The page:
Inking: Textures & Techniques | Melissa De Nobrega | Skillshare
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6 Lessons (57m)
    • 1. Introduction to Inking Textures

      1:05
    • 2. Hair: flowy hair, beards and stubble

      13:06
    • 3. Skin: freckles, scars and scales

      15:55
    • 4. Clothes: jeans, leather and patches

      13:38
    • 5. Other: braids, feathers and chains

      11:40
    • 6. Conclusion

      1:11
16 students are watching this class

About This Class

This class will cover some of the most common yet tricky textures to render in ink.

We'll tackle hair, skin, scales, clothing and feathers. Using a single sketch, we’ll cover as much ground as possible so that you walk away with some new tips and techniques that you can apply to your own illustrations.

I’ll be working in Photoshop, but you can work in any other digital program, or even traditionally, because the techniques will still apply.

For the class project, you'll create a character that has at least 3 different textures on his/her body. Since I’ve provided the same sketch that I was using throughout the class, you have the option to follow along as you watch, immediately applying the techniques yourself. Class finished, project finished at the same time :)

This class is geared toward beginners or anyone who wants to pick up a few different techniques they can add to their toolbox.

Transcripts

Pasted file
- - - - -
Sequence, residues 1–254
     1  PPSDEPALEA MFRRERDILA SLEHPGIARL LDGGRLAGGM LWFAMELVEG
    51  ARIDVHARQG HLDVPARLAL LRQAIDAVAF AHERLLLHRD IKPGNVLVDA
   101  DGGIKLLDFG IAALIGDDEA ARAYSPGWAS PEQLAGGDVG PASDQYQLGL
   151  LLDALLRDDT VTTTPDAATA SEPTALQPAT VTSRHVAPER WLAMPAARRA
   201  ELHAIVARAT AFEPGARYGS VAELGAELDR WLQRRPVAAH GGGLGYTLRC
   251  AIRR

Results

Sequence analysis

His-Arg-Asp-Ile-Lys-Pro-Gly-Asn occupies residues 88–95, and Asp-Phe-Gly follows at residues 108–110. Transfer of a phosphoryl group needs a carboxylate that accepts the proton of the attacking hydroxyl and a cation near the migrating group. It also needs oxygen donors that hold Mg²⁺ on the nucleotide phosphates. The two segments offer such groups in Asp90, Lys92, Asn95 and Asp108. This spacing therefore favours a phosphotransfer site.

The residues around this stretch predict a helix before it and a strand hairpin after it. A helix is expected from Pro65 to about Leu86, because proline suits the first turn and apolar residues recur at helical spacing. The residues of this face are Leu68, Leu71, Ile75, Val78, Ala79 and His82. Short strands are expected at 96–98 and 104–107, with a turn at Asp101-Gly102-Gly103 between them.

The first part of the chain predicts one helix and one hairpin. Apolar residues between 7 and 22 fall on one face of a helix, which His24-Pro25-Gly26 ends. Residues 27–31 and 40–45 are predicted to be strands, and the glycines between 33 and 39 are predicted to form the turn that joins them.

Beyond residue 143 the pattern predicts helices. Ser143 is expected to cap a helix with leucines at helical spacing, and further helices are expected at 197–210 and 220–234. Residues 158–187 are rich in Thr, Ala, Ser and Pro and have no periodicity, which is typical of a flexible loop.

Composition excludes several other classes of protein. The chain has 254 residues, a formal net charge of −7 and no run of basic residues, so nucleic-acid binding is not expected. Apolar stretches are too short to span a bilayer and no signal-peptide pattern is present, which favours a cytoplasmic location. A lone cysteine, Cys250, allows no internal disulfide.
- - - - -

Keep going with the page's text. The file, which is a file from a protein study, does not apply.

1. Introduction to Inking Textures: Hey, I'm Alyssa, a graphic designer and illustrator. In this class, I'm going to cover some of the most common yet tricky textures to render an ink. We'll tackle things like hair, skin, scales, clothing, and feathers. Using a single sketch, we'll cover as many topics as possible so that you walk away with some new tips and techniques and you can apply to your own work. I'll be working in Photoshop, but you can use any digital program that you'd like. You can even use Pen ink, because the techniques that we're learning will apply to a medium, not just digital. For the class project, we'll be creating a character that has at least three different textures incorporated somewhere in or on their body. I provide you with the exact same sketch that I use throughout the class. This way, you can follow along as we practice textures together. As a final note, this class is beginner friendly and I don't expect you to have any prior knowledge about inking coming into this. Having said that, I think we're probably just ready to get started. 2. Hair: flowy hair, beards and stubble: The first thing that I did was drop the sketch that I had created into a new Photoshop document. My document is 8.5 By 11 inches at 300 DPI, and I'm going to be working in the RGB color space. Before we actually start inking, what we're going to do first is we're going to find a brush that we're happy with. If you're like me and you're working with Adobe's Creative Cloud subscription, then you're going to have access to a ton of different brushes. In case you don't know how to get to them, you're going to hit "B" for your brush tool and then you're going to go up to the properties, hit the gear icon, just go down to where it says get more brushes and this will automatically open up a web page where you can pick from a bunch of different brush packs. I'm going to go ahead and just pick the megapack and hit "Download". I already downloaded this to save some time. This gives me a ABR file and all I need to do is click on it and Photoshop will do the rest. The next time I go to this drop down menu, I'm going to have a folder sitting here that says megapack. Open that up and I'm going to go to the ink box since we're inking. My choice here is going to be a brush called Mr. Natural 2017 B. For procreate I can provide you with a couple of different links where you can access free brushes and also paid for brushes. As for some of the other digital programs, unfortunately, I can't help you, but what I can say is the only thing that you're looking for in this inking brush is that you just want one that's going to respond well to your hand. When you're drawing a line using light pressure, you want the brush to create a very thin stroke with no change in opacity and the harder you press, the thicker your line is going to get. But again, no change in capacity and that's literally all you're looking for in a brush. Now we can actually move on and I'm just going to turn the opacity of my sketch down just so it doesn't really get in the way while I actually start inking. Now, the first thing I like to do when I'm tackling hair is I like to figure out where the part in the character's hair is. It's easy if you visualize, let's say, someone with long hair. The part in your hair is exactly where basically you have these two different sections going in opposite direction. The reason I'm looking for that part is because that is actually going to tell me what direction the hair is going. All I'm doing in blue is figuring out the direction that the hair is flowing. For hair, direction is very important. Now, my sketch roughly shows it gives me an indication of where his head is moving, but I'm just going to refresh my memory and improvise here a little bit. Once I'm happy with my blue lines, I'm going to go ahead and actually start inking. Again, first thing I go for is that part. Now, my character's hair here he has got really thick dense hair, so the part is actually going to be quite dark in there where there's a lot of shadow. If you have a part in your hair where you can actually see the skin, now typically you wouldn't use such a dark line for that. You're going to treat that more like the area that's near his forehead. How we have these little thin baby hairs and we use lighter strokes. If you've got a part in your hair where you're seeing some skin, you're going to want to use some lighter lines. Again, I'm just going in and creating these small strokes where I want the hair to connect to the face, to connect to the skin. I'm using a variation in lines where I want to emphasize the direction that the hair is going in, I'll use a thicker line. If I want to separate sections of his hair, I'll use a thick line and basically I'm using the thinner, smaller strokes when I want to indicate that there's some softness. A lot of the areas like the end of his hair, I'm going to use these small strokes. I think the more strokes that I put in, the more the texture becomes obvious. Now, here is, I don't want to say subjective, but it's up to you, like how much patience do you really have? I don't have a lot of patience when it comes to inking. I typically don't spend all day long drawing in tons of hair but if this is an area that you just enjoy and you like making these kinds of marks, go ahead. I've definitely seen lots of artwork where the hair is completely filled in and it looks great and then I've also seen other artwork where it's much more simplified and there are only a few strokes to indicate the hair, and those also look great. So it's really your choice how far you want to push this, how many lines you want to use. Now we're going to move onto his facial hair. I'm going to go ahead and create a beard. What you want to keep in mind now I'm going to give him like a short cropped beard, it's not a very long one but basically what I want to keep in mind is the beard hair needs to conform to the form of his face because the hair is actually coming out of his face. It's coming out of the skin so it needs to look connected and flow in a certain way. The hair, as you can see, I've done it in such a way that it follows the contour of the jaw line and even around the chin. The hair's round and meets in the middle. Then I go in and I add a lot of smaller stroke. I'm using really short quick strokes here to show that the hair itself is short and every now and then I'll pop a mark in that's going in the opposite direction because I want the beard to appear not perfectly groomed. I find a lot with hair, even hair on the head and facial hair sometimes if you put a single strand that's random, like going in the wrong direction it just looks more realistic because in real life our hair is being affected by the environment, by movement and you've got random stray hairs probably that you don't want flying all over the place. But every now and then I like to add just of a hair that's doing its own thing. Now we're going to wipe out all the work that we just did and we're going to come at this again, but this time I am going to give him stubble instead. Extremely short hairs. Basically, you're going to see his jaw line, you're going to see is chin. It's like skin and then we're going to add tons of tiny little marks all over the place. Typically, even if a guy has curly hair, stubble itself tends to be really short and straight and quite coarse typically. Keeping that in mind, I'm creating the same marks that are really short and quick and straight. Now, these are a little bit more random, but I'm still trying to remember that the hairstyle needs to wrap around the front. Even around his chin, the hair on the right side is pointing to the right and the hair on the left side is pointing to the left because that shows that his chin is a little bit round and a little stubble marks near his jaw line are also going in the same direction as his jaw line is moving. That's it for those two, so we can see the difference here between a longer beard and a stubbled face, well, a short beard and a stubbled face. Let's move up a little bit and deal with the eyebrows. Eyebrows aren't just straight and easy little patches of hair. With eyebrows, the area that's near the bridge of your nose typically has these small really delicate baby hairs again, and the hair near the top portion of your brow actually points downward. The direction that the hair is growing is typically downward and then the here are near the bottom of your brow is actually going to grow in an upward position so that they create this criss-cross effect. Now, sometimes you can get away with removing the bottom part. Personally, I have really thick eyebrows so I tweeze them a lot and I've removed the bottom section, so I no longer have the bottom hairs that are growing in an upward direction. This little sketch that I am making over to the right is actually a little bit more true to how my eyebrows are. They really the hair goes in one direction now. When you create that crisscross effect or you use these short little lines, it looks so much more realistic than if you were to just draw straight eyebrows like this, or draw the shape and then fill it in. Again, it depends on the type of drawing that you're doing. If your drawing is really stylized than you can totally get away with eyebrows like that, but the drawing that I'm doing right here, I want it to look a little bit more realistic so I'm going to follow the same principle that I just explained to you and create that criss-cross effect. I typically also like to add a couple of strays near the ends of the eyebrows because I just find that it makes it look a little bit more natural. Now, we're almost done with hair, but now we're going to wipe out the other piece of work that we did, the hair on his head. We're going to completely demolish it and we are going to approach it in a different way. For the second method of filling in the hair, we're actually going to completely block it out. I'm using my pen to create the outline that I want, and then I'm going to fill this entire thing with black. When you're ready to fill, you can hit "L" for your Lasso Tool and you can just quickly draw little shape there and hit "G" to fill it in with the paint bucket. For me, I had to clean up a little bit of the edges here with my brush and now I have this perfectly black mass, which is exactly what I want. What I'm going to do next is just turn down the opacity so again I have my sketch showing through to help me out here and I'm going to go back in with white. What I'm doing here first is putting those baby hairs back in. I don't want the area between his hair and his face, like his forehead, to be this really solid edge, so I'm just softening it up by adding these little strokes in again for baby hair. I just go through and recreate some of the lines that we had when we were just using black, but this time we're cutting it out in white. Really important to zoom out and occasionally turn the sketch off so you can see what you've actually created. For me, I'm not entirely happy with the job that I have done here with white. I think that because I'm using white, I want to show that his hair is quite shiny, so I'm going to go in and create more of a light effect. Now it looks like light is actually hitting his hair and creating a shine mark. We'll zoom back out and that's basically it for hair, at least for now. Next, we're going to move on to skin. 3. Skin: freckles, scars and scales: If you take a look at our drawing here, we don't really have that much exposed skin, basically just his head and neck, and then these two little tiny patches of arm. Regardless, we're going to do a couple different things in here. We're going to try a couple different techniques. First things first, we're going to drop in the facial features. There's not really too much to talk about here. What I'm doing is, I'm using lines that aren't really tapered. I'm using some pretty solid lines here. I don't want his skin to look as soft as his hair. So I'm avoiding using the same kind of line. I'm also avoiding putting in lots of different almost like texture lines like I did with the stubble and near the baby hairs in his forehead. Again, make sure to turn off your sketch underneath. I thought the nose looked plain, so I dropped in the bridge just to help kind of define it a little bit more. Now for this neck area, I'm going to turn up 'Smoothing', which is actually just going to help me draw more of a straight line. I find that photoshop is really picking up on a lot of the little shakes and and little twitches that I have. Every now and then I'm going to turn up 'Smoothing', just to help soften the lines. Now around this area, even though his skin is touching the shirt and touching the coat area, I'm not going to draw anything here for now. These outlines are going to be more important to define the texture of the cotton shirt than they are for the skin, so I'm just going to leave it pretty much bare for now. Another thing to keep in mind, just in general when you're inking, is that wherever you have more detail, wherever you have more lines, more almost clutter is going to draw your viewer's eye. There's a lot of different detail that we could put into that ear. But I'm going to keep it really simple with just a couple of different shapes and a lighter line, because I don't want his ear to become the focal point, and I don't want people looking at it so much. I'm pretty happy with this base layer. I'm just going to call it the base layer because I'm not really going to do that much with it. On top of it, now we're going to have a little bit more fun. The first thing we're going to do is we're going to age this guy a little bit. What happens when you age is that your skin loses its elasticity, which means that you have a lot of sagging going on and lots of wrinkles. I'm going to drop in the pretty stereotypical crows feet and bags under the eyes because there're these stereotypes for reason. As soon as people see it, they're like, "Oh, that's an older person." Sometimes when we're creating characters, these stereotypes actually work to our advantage, because it helps get across right away the kind of character that we're creating. As I defined the cheekbones little bit here and little bit of a furrow as well. Again, the lines that I'm creating, they're not really feathered the same way as the lines in his hair. I'm going to put a couple of different lines in his lips like a little bit wrinkles in his lips, and then wrinkles in the forehead as well. That's basically it for the aging. So you take a look, you've got the young face versus the old face that we just created. Now we'll move on. Basically what we're going to do is we're going to set the stage for some other textures that we're going to drop in. We're going to deal with freckles, scars and scales next. Now, the things to keep in mind with all of these are that, these all need to conform to the forms of the face. So very much like how we were dealing with the hair and figuring out the directions that the hair is going to move in, we need to figure out the directions of the forms that are underneath the skin. For example, the cheekbones. We know that the cheekbones are always coming around, they're higher, the bridge of the nose also protrudes off the face, so it's going to be raised in comparison to the part of the cheek of that's right beside it. We're just dropping in these blue lines that are going to serve as guides for when we actually start adding the other texture. We've got the lines for the lips, how the lips are nice and round, both upper and lower. Then even the chin, how the chin is typically nice and round as well. Now this area in here, the brow bone. Typically for men, the brow bone tends to be more defined or more exaggerated. Especially because this guy got a little bit of a frown going on, I want to make sure that, that I don't just give him a flat forehead. I'm just going to continue dropping these lines in, now in the opposite direction, vertically instead of horizontally. Just to help myself a little bit more, I'm actually just going to color in this other side part of the bridge of the nose, as well as the bottom part, it just helps me visualize it a little bit better. Now we're going to move on to freckles. We're going to switch back to black and I'm working on a new layer again. Freckles are part of the skin. If the skin is wrapping around the nose, then the freckles are also wrapping around the nose. We're really going to simplify this. Basically, if you want to think about a single freckle as a circle, that's a perfect circle, where it is on the bridge of the nose, where it's facing us, it's going to be nice and round, and quite circular. In comparison to that side panel of the nose, that's going to be in perspective. We're going to have more of an oval shape there. Now that's a general rule because freckles aren't perfect circles, but that imagining of it will help us create something a little bit more realistic. Following these blue contour lines that I created, I am just going ahead and dropping in lots of different little freckle shapes, and trying to create this rounded form around the cheekbones, and then create that pattern across the nose so It looks like it has some dirt. You turn off the contours to see what it looks like. It's quite subtle, but the shape is still generally there. It works a lot better than if we were to just randomly put spots on his face. Now, the same thing happens with the scar. I'm going to go for the classic scar over the eye. Same thing, just follow those contour lines that we had already created. Follow the shape instead of just a straight line up and down. When we turn off the contour lines, we see that the scar on his face now actually has some form. I think we will move onto scales and we're going to drop them in on the right-hand side of his face. Let's just talk a little bit about scales first. Scales are, you can think of them like brickwork. They're staggered, alternating in pattern. Wherever you have the very tip of the scale, I'll mark it in blue on all of these. That's where the bottom of your scale is going to be on the next row. You're drawing from point to point, and that's how you alternate scales. Let's for comparison, draw scales that aren't alternating, they just go one after the other. This looks strange and to me it looks more like curtains, it doesn't really communicate in the same way because scales aren't typically like that. We're not going to draw them like that, we're going to stagger them or alter the rows. The other thing about scales is that they overlap themselves. You got one row of scales that's overlapping the next, that's overlapping the next, that's overlapping the next. I'm using a very light hand and I'm just scribbling in a little bit of shadow in there. Doing this throughout helps the viewer see that the scales are actually overlapping because now we're adding a little bit of dimension. Scales can be a little bit tricky because of all of these different things that we have to take into consideration. They're alternating, they're overlapping, and they're also conforming to the shape of the face, to the form of whatever they're sitting on top of. When it comes to this little area over here, the cheek is coming out a little bit, which means the scales are going to be in perspective. They're going to come out a little bit. The further down the face they go, the more they're going to change in shape. Now we're really using the guides that we had created previously as we go ahead and draw those in. Again, do your best to alternate them. I find with scales, especially with the lizard scales, they're uneven in shape. I find you can definitely get away with having some smaller, some larger and also if you forget to stagger one, you can also get away with it. It doesn't have to be exactly perfect, like robotically perfect. I find it's a lot more fun when it isn't anyway. Scales can be quite enjoyable. Again, it's also one of those patience things. If you enjoy like I enjoy making scales a lot more than I do hair, so I could spend all day with these tiny little circles. It's really up to you how far you want to take it. As you can see on the left-hand side, we just go ahead and we draw some flat scales here and ignore our contour. Looks pretty crappy in comparison. That's what I mean when I'm talking about making sure that the scales wrap around the form underneath. Now we're going to use a little bit of a thicker line to create the outline around the face. Our scales are quite bumpy, and so that line itself is going to be quite rough and quite bumpy. I add tiny little marks in to blend the scales into the rest of the skin so it's not such a hard edge. Trying to make it look like the patch belongs there. I'm going to go in and add a couple lines for the lips. Lips, they tend to be quite wrinkly. They've got a couple little lines in there. I'm not going to overdo it, but these lines are actually going to help when I take my sketch in my contour lines away and it's just the black remaining, they're going to help define the form of the lips. I've gone in and I've add a little bit of shine as well. I think we can add a couple more scars in. We only did one, we'll try along the cheek area. We've already got these blue contour lines so they're easy to follow. There's not too much thinking going on right now, I think we've already done most of the thinking so we can just happily ink away. I'm going to add that little mustache back in. Again, stubble, little bits of stubble so short, little quick line. The scales I think look a little bit plain. I'm going to go back in and add a little bit of shadow. I'm also just going to add little lines here and there for a little bit of texture, they were looking really flat to me. That's what we've done with the face. Before we wrap up this skin video, we're actually going to go in and deal with the arms. I almost forgot about the arms to be honest. I think what I'm going to do here is I'm going to give him a tattoo. I'm turning smoothing backup again as I draw the outline of his arm. I'm using again the thick non-tapered line to define his arm. From here, I'm going to drop in the contour lines again. The arm is a little bit tricky because it is round and it is flat at the same time. Your forearm typically isn't all that round, but I don't want it to look completely flat at the same time. I want to give it a little bit of shape. Going to give it a subtle roundness. Once I'm happy with the contour lines that I've drawn in, I'm going to go ahead and start sketching in his tattoo. I didn't do this in the original sketch, so I'm just going to have to make it up now. Basically I'm going to go for some vines, some leaves in some flowers. The thing about vines are that, these vines can actually help us describe the roundness of his arm. We're going to use his tattoo to help define the form of his arm. Once I'm happy with my little green sketch, I can come back in and actually start inking it. What I'm doing with the tattoo is making sure that the lines that I draw for the tattoo are not the same thickness as the lines that are describing his arm. I want to make sure that these two things aren't confused. Because the tattoo itself is quite small, I can use a lot of these little scratchy lines, and it's not really a big deal in this case. Also, as I'm drawing the flower, I still want to remember that it's turning a little bit in space because of the dimension of his arm. But the change in perspective isn't that drastic, so I don't have to worry about it too much. But you can see the petals on the bottom of the flower squished a little bit to help make it look like it's going around the arm. Just finishing this tattoo. Something that I like to do personally is just actually turn down the opacity of the tattoo, I find it just helps it look more like a tattoo. I think that that about wraps it up for skin, and next up we're going to be tackling in his actual clothing. 4. Clothes: jeans, leather and patches: Now, with this clothing, I have a couple different ideas for the types of materials that I want to use. I figure that he's going to be wearing a denim jacket with leather arms, and his t-shirt is going to be made out of a much softer, lighter material, so something like a cotton or a linen shirt. Because these materials are different, they're going to behave differently and I'm going to ink them a little bit differently as well. Now, one of the first things you want to think about when you're starting to ink clothes and even when you're starting to draw clothes, you're looking for where the points of tension are. Typically around your joints, like your knees and your elbows. Wherever your clothes has to stretch on one side, it's going to buckle on the other. His arms or outright now, which means that his elbow is pushing against the material. We're stretched on one side. You've got all these wrinkles happening on the other side. Maybe it'll help you if you think about this like a pumpkin, like a crushed pumpkin, where if you squished, it comes out on one end and then on the other side it has to buckle inward and you get all these creases and you get all of these little lines. It's the same thing with wrinkling. Anywhere there's tension, the clothe is going to react to that tension. Now, aside from his elbows, he's got his hands in his pocket and he pushing up and toward us. He's not really just resting his hands in his pocket. He's actively scrunching up his coat. This is also going to cause a little bit of wrinkling. It may also affect the t-shirt underneath. Very suddenly. Now, because our t-shirt underneath is made of a lighter material, it's typically going to respond a lot to its environment. If there's a gust of wind, it's going to blow in the wind. If there is a heavy coat on top of it that's moving around, it's going to react to that movement. Because it's very light, it's very flowy, is not as rigid, so it won't hold its shape as much as the thick denim coat. Also because his t-shirt is bluey, I'm going to use much more curved lines, rounder lines to describe its form as opposed to all of the angles that I've already drawn in in the coat sketch. I think having defined all of this, I can actually start inking. Basically right now all I'm doing is paying attention to the outline strokes. I'm not going to worry about any detail on the inside of the code yet. I just want to create these thick lines to separate the color from the rest of the coat to separate the cuffs on the arms from the rest of the coat, define the pocket, and I'll come back in later with more detail. Around this cuff area, a great way to show the thickness or thinness of your material is right where it wraps around the form. So I've got the cuff of his jacket wrapping around his arm. You'll see the difference here. If I want to say his coat is a thin material, I'll just color that in. If I want the material to appear thick, I'm going to leave a little gap here so that you can see that the material is actually very thick when it wraps around the arm. There's less of a shaded area there. I'll just go ahead and define the rest of the cuff. I already have an idea of how I want to tackle the leather arms. I'm going to be blocking those in the exact same way that we blocked in his hair earlier. For now, I'm ignoring the arms completely because those are just going to be solid masses of black. I'm going to throw a couple more wrinkles right in here right near the arm, and then I'll continue with my defining lines. Now going back to the arms, I'm just going to grab the lasso tool, that's L on your keyboard, and I'm going to fill it in. G is the paint bucket. Notice this time I'm not really bothering to sketch around the out line, I'm just getting go right ahead and just fill it in. I don't really care if the leather coat is super J good. I'm going to ink around the shapes a little bit to make sure that the texture of the brush is also incorporated into this leaves a little bit, because right now these black masses that I have created looks so crisp because I use the lasso tool that they look a little bit different from the rest of the image. We're going to go in and just in little areas, serves to fill it in a little bit with my brush. Unlike we did last time with the hair, now I can go back in with weight and define some of the wrinkles. This time I'm not really focusing on lighting with his hair, I wanted it to look shiny and like the light was being cast on it. But with the sleeves honestly, I don't really care too much to do the same effect. Now, that we've gone ahead and basically done most of the coat, I'm going to go back in with all details. Now, I know that denim in general has, I would say, a lot of seems, a lot of stitching, it's quite texturized, it's quite tough. Mostly what I'm going to focus on is just coming back in here, putting it a couple of little lines here in their first add wrinkles. Mostly I'm just going to focus on adding in a lot of stitching and a lot of buckling around the stitched areas. Around the cuff area, I want to make sure that the cuffs look the same. At this point, a little bit concerned that the arm on the left hand side, because it push back in perspective can look a little bit weird. I don't want the viewer to be confused and to wonder like what exactly is that. On his right arm, I'm establishing a pattern that I haven't really used anywhere else. Just that solid seems followed by a couple of solid lines of stitching. I'm going to use that exact same pattern on the other cuff. It's subtle, but when you look at the image, you notice the two black masses of the arm and then you notice the cuffs and that should be enough to tell the person that's looking at the image that these are the same thing because of the repetition. Now think also denim can sometimes have that zigzag stitching. I'm going to go ahead and drop that in. I think it's going to be a little bit fun. I'm going to add that to the pocket. I don't really care about staying inside the lines. I think it's more fun if it's bit more wonky. Remember to zoom out and take a look at the picture as a whole altogether and see how we're doing. Now, on his coat we've got like this big empty spaces or at least right underneath his arm, it looks a little bit empty. Let's make his jacket a little bit roughed up. We're going to add some holes, some tears. All I'm doing is I'm adding just all these short little squiggly lines. Just going in any direction. Then I'm going to use a mask just to take away a little bit of that outline. I'm not deleting anything, I'm just masking it, essentially hiding it. I'm going to create a little hole here. Using these short little lines to communicate that we've got as tear. I think jeans work really well with patches. So we'll just create silly little patch at some stitches. I think that does it, adds a little bit more visual interest. I think the last part here for close we're going to work on we're just going to put a pattern or a logo or something like that on his shirt and his t-shirt underneath. Basically clothe is like our second skin. Just like in the skin video, I think I said it a lot of times, hopefully not too many times. But you want to make sure the clothe conforms to whatever form is underneath it. In this case, because t-shirt is on his chest and his chest isn't just completely flat. It's got a little bit of roundness to it. When we're placing a pattern on top of that or a logo on top of that, we have to take it into consideration. Quick example, I'm just going to draw the letter F. It's a nice, easy letter. Nice and geometric. I'm just going to draw it flat on his chest. You can see that it looks out of place. It's a bit strange and it's because it's not conforming to his body. Here we go again with a second f. This time we're just going to try to curb some of the lines so that they match the lines that are around at the lines of his coat, lines of his color already looks better, but you can see the difference. It's a subtle change. We didn't make the letter to round in any way. It's a subtle change. Think the placement could be a little bit better. I'm just going to tweak it. Now remember, if you're doing a full pattern on the shirt, let's say you go for stripes or you go for plad, you're also going to have to take into consideration the wrinkles. Let's tackle this F again. But this time we're going to put a random wrinkle into shirt. It's close, but it could be better. Basically, the wrinkle is going to obstruct the letter now and it's going to distort it. Again, a very slight change, but it does make it look a little bit more realistic. I'm just going to change this, pull it down a little bit more. There you go. Like I said, just a little bit more distorted, but it does make it look like the F is actually reacting to the wrinkle in the clothing as opposed to just completely ignoring it. It makes it look more like it's suited to its environment. 5. Other: braids, feathers and chains: We're almost done here. We're just at the tail end. This is the image that we've created so far and it's basically complete but I think we can do some more work. I think that we can introduce a couple more textures in here and challenge ourselves a bit. What I did was I sketched in blue, just some random ideas. We're going to give him a braid. We're going to give him a necklace, give him some pants, some wings and then we're going to change the image on his shirt. So we got a lot of work to do here, we better get started. First things first, we're going to tackle his braid. Now, we're dealing with hair so we're going to remember to taper our lines. We're going to use the thicker lines to define the different sections of hair. With a braid, you've got three different strands of hair, or three different chunks that are being weaved into themselves. Basically it creates a different sections that are interlocking. If you struggle with braids, there's absolutely no shame in looking up reference photos. I do it all the time. Actually, anytime you're struggling, there's absolutely no shame. Just go and either look in a mirror if you're struggling with figuring out where the wrinkles in your clothing are or if you're struggling with a certain hairstyle, just do a quick Google search, look for images on Pinterest, ask a friend to take a photo, anything really. Back to this braid, all I'm doing is I'm drawing these interlocking shapes and I'm using the thick lines to define the different sections. Then I'm going to come back in later and draw more of the little wispy, I want to call them decorative lines, but the ones that actually make it look more like hair. In the last video, I mentioned masking but I didn't really cover it too much. I may as well here. Basically a mask is just that. It's something that you put on top of your layers so that you don't destroy the work that you've already done. In my Layers Panel you can see I've just hit that little icon here at the bottom. That's a mask. You're painting with two colors. When you're painting on your mask here using black and you're using white. Black conceals and white reveals. As long as your coloring with the black color, you're going to hide everything. Then as soon as you switch back to white, which you can do by pressing the keyboard shortcut "X", you're going to start to reveal the lines that you just covered up. This way you don't actually make any hard edits. You don't actually erase anything for good. If you try something, you change your mind, you say, "It doesn't work," you can always go back to the way that it was before. Having hid a lot of the sections of hair here, I'm going to go back in and I'm going to start redefining the direction that his hair is moving in because basically I want it to look like his hair is being pulled into a tight ponytail. So the direction of the hair changes now, whereas before it was like loose and flowy and going wherever it wanted to. Now, it's got to conform to the shape of his skull because it's being pulled to the back of his head. Now we're going to tackle the wings, which means drawing feathers. Feathers are basically like hair and scales combined. You're going to have these little feathers that are overlapping each other. It's also a very soft and flowy and lightweight texture. So you're going to be using the same soft, wispy lines. Now, I sped this section up here because I drew quite a bit before I realized, wait a second, this isn't really working. So right now, I'm going back in with the contour lines. I think I've messed it up. So I'm just trying to rough out what direction these feathers are going in. So I'm going to erase a lot of the work that I did in black so that I can redo it, make an adjustment. Near the base of the wing, typically there are these tiny little feathers, small little feathers that overlap themselves, overlap each other a lot. As you get further down the wing, the feathers tend to get larger and longer. So I'm making sure that I do that. I create that pattern when I'm drawing the wing. Now, we're also going to give him some pants. I don't know why I didn't do that originally in the sketch. Here is just a floating body. For the pants, I'm going to block it out. This is just choice. I just feel like where the arms are black and they're the only blackout area, I think that the image would balance out nicely if the pants area was also black and it's also a small area there, so it's not going to draw too much attention. Now I'm going back up to the hair and just adding in those light little strokes showing the direction that the sections are weaving into each other. Moving back to the feathers, I'm going to do the exact same thing. Now especially we're thinking about scale. So how I said the scales overlap each other. There's a little bit of a shadow going on where I'm starting to draw the texture of the feathers. I'm starting near the base where they tuck under the feather that's coming before them. Like scales just creating texture and shadow at the same time. It gives it a little bit of dimension and also shows that these feathers are a little bit softer. Without these wispy lines, if you take a look at some of the feathers that are pointing downward on the right-hand side, this just look like they could be solid blades. So I think that it's quite important to add these wispy lines in here for texture. Now jumping over to the necklace, I've decided that we're going to go for a chain. We're going to give him a little gemstone as a pendent. I'm just roughing in some little oval shapes which are going to be my guide for when I actually create the chain. With a chain, you've got these interlocking oval shapes which means you're going to want to make sure that the top of one oval is overlapping the bottom of another. Hopefully that makes sense. I highly recommend with chains sketching out in some other color, a guide for yourself as to where you want the chain to go. Not necessarily the ovals, you don't have to sketch those out if you want. But I highly recommend having at least a very loose guide as to where you want the chain to go, because all this little chain links are connected. If one of them is off, if the angle is a little bit off, it's really easy to continue that small little error you made and it becomes more and more visible as the chain link progresses. Now we go for the gemstone. I'm just going to give it a little bit of shine marks, maybe a little bit of lines there. It's hanging off of the chain. Because I've got these blackout areas now, I think I need to go back in with white. Defining the pendant area and then also defining the wrinkles that are happening around that crotch area. Like I said, wrinkles happen anywhere there are joints, anywhere where there's tension. Typically around the crotch area, like where your legs actually go into your pelvis, there tends to be a lot of wrinkling and close happening there. We'll give him a shirt color. Then we're going to jump down to the logo and his shirt is supposed to say "Texture." I think maybe I should have picked a better word because you can't really see that much of it. But I'm going to fill it in any way. Then lastly, I'm just going to add the indications, like a hint of a wing in the background. I don't want to add that much detail as I did on the right wing because his head is right there. Because his face has a lot of detail, because his hair has a lot of detail, I don't want to crowd that space. It'll just become very busy looking. I'm just going to hint another wing being in the background. Last thing I'm going to do is actually just lower the opacity of the design that we made on the shirt. That's it. That brings us to the end of our picture. It's fully inked now. 6. Conclusion: So that's it guys, we are all done and I hope that you've enjoyed this class. I hope that you learned at least one or two new things that you can incorporate into your own drawings. I've actually really enjoyed making this class for you and I'm curious to know if there are any textures that I haven't covered in this class that you're eager to learn about. If there are, please drop a little note in the class discussion area. That way I actually know what you want to learn in the future. Don't forget to post your class project. I would like to take a peek at the hard work that you've done and it also helps your classmates to see how you approached something and how you dealt with the topics that we covered. So lastly, if you have any questions or comments, you can find me here on Skillshare. Otherwise, I'm also on Instagram, so please never hesitate to reach out and I guess that's it. I'll hopefully see you in the next class, bye.